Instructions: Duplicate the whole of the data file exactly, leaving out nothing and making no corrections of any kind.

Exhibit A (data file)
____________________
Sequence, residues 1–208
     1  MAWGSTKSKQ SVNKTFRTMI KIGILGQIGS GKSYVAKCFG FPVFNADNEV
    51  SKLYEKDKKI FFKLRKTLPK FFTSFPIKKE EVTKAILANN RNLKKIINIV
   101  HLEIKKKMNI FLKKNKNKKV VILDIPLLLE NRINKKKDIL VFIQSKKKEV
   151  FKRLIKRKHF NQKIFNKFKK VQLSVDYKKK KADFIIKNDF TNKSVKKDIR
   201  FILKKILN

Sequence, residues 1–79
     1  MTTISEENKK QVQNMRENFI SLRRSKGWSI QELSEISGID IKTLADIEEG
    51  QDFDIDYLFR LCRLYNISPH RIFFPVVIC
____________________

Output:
Sequence, residues 1–208
     1  MAWGSTKSKQ SVNKTFRTMI KIGILGQIGS GKSYVAKCFG FPVFNADNEV
    51  SKLYEKDKKI FFKLRKTLPK FFTSFPIKKE EVTKAILANN RNLKKIINIV
   101  HLEIKKKMNI FLKKNKNKKV VILDIPLLLE NRINKKKDIL VFIQSKKKEV
   151  FKRLIKRKHF NQKIFNKFKK VQLSVDYKKK KADFIIKNDF TNKSVKKDIR
   201  FILKKILN

Sequence, residues 1–79
     1  MTTISEENKK QVQNMRENFI SLRRSKGWSI QELSEISGID IKTLADIEEG
    51  QDFDIDYLFR LCRLYNISPH RIFFPVVIC